What a week…. (WEVA Wedding Event Videographer’s Association) was my first foray into the world in which I lived prior to my skydiving incident that left me with a shattered pelvis, ACL/MCL destruction, and a few inner body parts leaking into the pelvic cavity. It’s been four months since I’ve been vertical. WEVA got me off my butt, yet I hit the ground running when it came time to go to NAB Post in NYC.
Saturday brought snow and could it ever be earlier? It’s rare to see snow before Hallowe’en. I hope the ski resorts are happy, because I’ve still got to mow the lawn and drain my sprinker system. And finish getting my mobile home ready for the winter, and put away the bike and….it’s a long list of things ta-do. Everyone has one, right?
With frost on my windshield early in the morning, I set out for SLC International to fly to NYC for the NAB Post Production Conference being held at the Doubletree hotel. The frost was so bad that my windshield wipers stuck to the windshield and the wiper arms didn’t, ripped from their sockets like arms torn from a skeleton. Not exactly an auspicious beginning indeed.
I was at the least, over joyed to find wifi on my flight. Had the airlines been a little more intelligent a few years ago, I’d GRATEFULLY paid an additional 25.00-50.00 per flight for wifi. Instead, airlines chose to be stupid by penalizing travelers with 5.00, 10.00, 15.00 luggage fees (speaking of which, have you heard the latest outrage? Charging 10.00 more for flights on the “busiest days of the year.” Ummm…can you imagine Walmart charging an entry fee during Black Friday? Where do these people get their marketing education?).
Gawd, I love NYC at night. Tailwinds got me into JFK nearly two hours early, leaving me some time to explore my favorite-visit city. I walked from my hotel between 4th and 45th street all the way up to 8th and 60th. I found a delightful fondue place and I’m not a big fan of fondue. There was something decadent about putting beef into cheese. Cheeseburger on a stick?
‘Tis always fun to be part of an All-Star lineup with people like Jeff Greenberg, Rich Harrington, Yosse Tessone, and others. I had four sessions to teach, and was a little concerned about how my body was going to manage a full day of instruction. My mind was up for it, but the whole “mind over matter” thing just isn’t always reality. Between my back and the braces on my legs, plus the one-mile walk to the venue, it was touch n’ go at best.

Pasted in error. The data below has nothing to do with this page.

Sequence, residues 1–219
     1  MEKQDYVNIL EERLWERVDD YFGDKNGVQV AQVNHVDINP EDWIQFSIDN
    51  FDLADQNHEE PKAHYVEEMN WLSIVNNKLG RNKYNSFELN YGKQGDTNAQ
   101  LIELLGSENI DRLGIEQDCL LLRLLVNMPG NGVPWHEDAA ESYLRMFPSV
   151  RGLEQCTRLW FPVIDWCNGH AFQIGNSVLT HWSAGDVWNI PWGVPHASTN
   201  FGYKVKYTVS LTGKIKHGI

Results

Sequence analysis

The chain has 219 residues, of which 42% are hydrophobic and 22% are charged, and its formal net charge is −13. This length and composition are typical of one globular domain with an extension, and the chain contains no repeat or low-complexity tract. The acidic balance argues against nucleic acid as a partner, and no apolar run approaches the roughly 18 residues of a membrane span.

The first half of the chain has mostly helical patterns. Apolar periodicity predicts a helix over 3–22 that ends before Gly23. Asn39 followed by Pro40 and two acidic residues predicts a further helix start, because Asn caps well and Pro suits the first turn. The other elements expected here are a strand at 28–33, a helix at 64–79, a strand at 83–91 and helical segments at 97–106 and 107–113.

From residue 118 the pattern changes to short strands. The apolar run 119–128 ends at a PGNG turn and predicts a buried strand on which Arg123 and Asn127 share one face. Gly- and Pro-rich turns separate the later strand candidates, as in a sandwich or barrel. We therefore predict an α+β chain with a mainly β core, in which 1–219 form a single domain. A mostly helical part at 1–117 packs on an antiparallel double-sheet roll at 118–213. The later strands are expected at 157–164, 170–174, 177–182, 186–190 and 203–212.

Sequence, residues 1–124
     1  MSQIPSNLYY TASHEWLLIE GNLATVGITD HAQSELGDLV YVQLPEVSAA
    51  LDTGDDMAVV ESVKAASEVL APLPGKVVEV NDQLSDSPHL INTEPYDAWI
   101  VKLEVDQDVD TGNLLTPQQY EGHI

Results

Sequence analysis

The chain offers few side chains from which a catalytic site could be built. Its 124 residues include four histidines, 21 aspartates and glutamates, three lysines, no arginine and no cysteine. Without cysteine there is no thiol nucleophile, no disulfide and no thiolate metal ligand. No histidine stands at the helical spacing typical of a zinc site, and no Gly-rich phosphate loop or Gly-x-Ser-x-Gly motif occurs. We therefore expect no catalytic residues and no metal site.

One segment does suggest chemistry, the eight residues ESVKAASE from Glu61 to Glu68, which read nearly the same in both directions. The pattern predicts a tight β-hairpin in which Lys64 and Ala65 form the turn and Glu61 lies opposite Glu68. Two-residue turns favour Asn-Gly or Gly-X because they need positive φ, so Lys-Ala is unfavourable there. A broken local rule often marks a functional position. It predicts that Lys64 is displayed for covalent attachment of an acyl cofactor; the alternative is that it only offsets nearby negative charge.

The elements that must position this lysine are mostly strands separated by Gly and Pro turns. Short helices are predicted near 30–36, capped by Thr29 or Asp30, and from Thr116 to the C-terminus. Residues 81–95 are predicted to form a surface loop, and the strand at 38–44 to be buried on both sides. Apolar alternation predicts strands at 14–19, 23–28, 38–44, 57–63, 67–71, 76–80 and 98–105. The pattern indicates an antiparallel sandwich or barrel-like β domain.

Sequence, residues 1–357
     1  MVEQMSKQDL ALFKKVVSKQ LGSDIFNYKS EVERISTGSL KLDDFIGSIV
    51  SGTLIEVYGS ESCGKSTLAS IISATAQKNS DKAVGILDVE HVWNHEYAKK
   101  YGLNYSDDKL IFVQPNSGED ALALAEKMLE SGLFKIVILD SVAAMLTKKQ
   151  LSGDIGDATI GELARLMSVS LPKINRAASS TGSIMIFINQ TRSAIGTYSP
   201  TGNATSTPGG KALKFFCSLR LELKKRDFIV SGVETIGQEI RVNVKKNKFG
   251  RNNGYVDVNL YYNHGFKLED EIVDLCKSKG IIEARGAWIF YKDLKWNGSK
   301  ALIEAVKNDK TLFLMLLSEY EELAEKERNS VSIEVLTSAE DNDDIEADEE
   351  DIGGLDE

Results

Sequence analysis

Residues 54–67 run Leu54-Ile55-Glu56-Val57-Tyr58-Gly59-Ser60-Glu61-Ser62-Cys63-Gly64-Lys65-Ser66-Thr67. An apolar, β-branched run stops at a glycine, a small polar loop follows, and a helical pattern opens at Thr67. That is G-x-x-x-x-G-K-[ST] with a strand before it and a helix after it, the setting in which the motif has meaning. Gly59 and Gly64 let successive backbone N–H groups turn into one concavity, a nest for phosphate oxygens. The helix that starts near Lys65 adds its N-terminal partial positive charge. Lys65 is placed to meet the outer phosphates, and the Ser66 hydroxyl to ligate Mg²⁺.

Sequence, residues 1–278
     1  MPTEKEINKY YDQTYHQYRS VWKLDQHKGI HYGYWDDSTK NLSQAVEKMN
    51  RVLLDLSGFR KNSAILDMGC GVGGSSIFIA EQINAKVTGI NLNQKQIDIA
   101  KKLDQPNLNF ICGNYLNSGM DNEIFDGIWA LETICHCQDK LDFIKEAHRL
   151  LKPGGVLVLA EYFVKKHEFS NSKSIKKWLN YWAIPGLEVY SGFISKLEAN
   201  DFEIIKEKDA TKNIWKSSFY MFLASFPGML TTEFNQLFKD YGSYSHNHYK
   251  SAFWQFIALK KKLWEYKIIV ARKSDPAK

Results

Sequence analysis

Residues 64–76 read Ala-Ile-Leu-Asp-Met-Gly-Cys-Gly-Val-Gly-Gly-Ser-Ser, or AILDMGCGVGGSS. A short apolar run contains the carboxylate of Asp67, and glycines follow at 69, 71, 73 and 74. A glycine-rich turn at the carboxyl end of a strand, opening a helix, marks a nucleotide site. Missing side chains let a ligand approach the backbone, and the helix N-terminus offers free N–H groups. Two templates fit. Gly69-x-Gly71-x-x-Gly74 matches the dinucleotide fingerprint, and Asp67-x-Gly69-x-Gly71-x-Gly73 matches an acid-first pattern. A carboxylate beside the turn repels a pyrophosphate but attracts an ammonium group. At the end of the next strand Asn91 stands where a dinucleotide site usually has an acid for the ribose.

“The Director’s Eye” led the day, a 90 minute class on how to compose shots, shot sequencing, and looking for the angle that best tells your story. “Chromakey Techniques” was the second session of the day, and it’s always a learning experience to hear the problems and challenges facing shooters in the field, and being able to help fix their problems based on a life-time of screwups and experience. In this session, not only do we put up a key, but also spend a lot of time working in post. This session was fun because I had a bunch of great Artbeats footage to put underneath my keys, putting people in ocean waves, churches, and against my favorite Artbeats library, “Code Rage.”
By lunch I was beat. Brain in motion; body not. Thank heaven for the hotdog vendor in Times Square that had a can of GoFast (that cost more at the stand than two cans at 7-ll). About that same time, Dan Berube and Keith Larsen showed up and their presence was an infusion of enthusiasm. Keith’s smile always makes one want to do their best. He’s just that kind of guy.
My favorite subject lately, “AVCHD and HD Production Workflows” started the second half of the day, and it always amazes me how many folks have been duped by HD mythology. For example, I had one student stutter for quite a while about why AVCCAM is superior to AVCHD. Marketing hype….AVCCAM is just Panasonic’s branding for AVCHD, just as they re-branded DV and called it DVCPro, initially the same 8 bit, 25Mbps video stream as every other camcorder manufacturer shot and stored.Additionally surprising in this session was the number of people considering using Canon 5 D and 7D still cameras for production. Personally, I’m interested in using the 7D for a small production, simply to see how she flies. With true 29.97 frame rates, it should be a solid production tool.
Ending the day with “Video for the Web,” it was a ball calling up various VASST and skydiving videos at fullscreen, showing folks how great web video can look delivered in Flash and MP4. The days of convergence are truly upon us. We predicted it nearly 15 years ago, and it has started to hit so fast that broadcasters don’t know how to manage it, methinks. I haven’t turned a TV on in nearly a week; hulu.com, youtube.com, and other sites hold for much more interest and channel surfing can easily become an endless vacuum much like Carroll’s rabbit hole.
And now it’s time to leave. Leaving New York City is like leaving a beautiful mistress; you don’t want to go, but know you can’t stay. It’s just simply not “home.” With the wistfulness of a teen leaving his first date on the porch…I wave goodbye to the bright lights of New York and head for the city that never sleeps.
Las Vegas, here I come.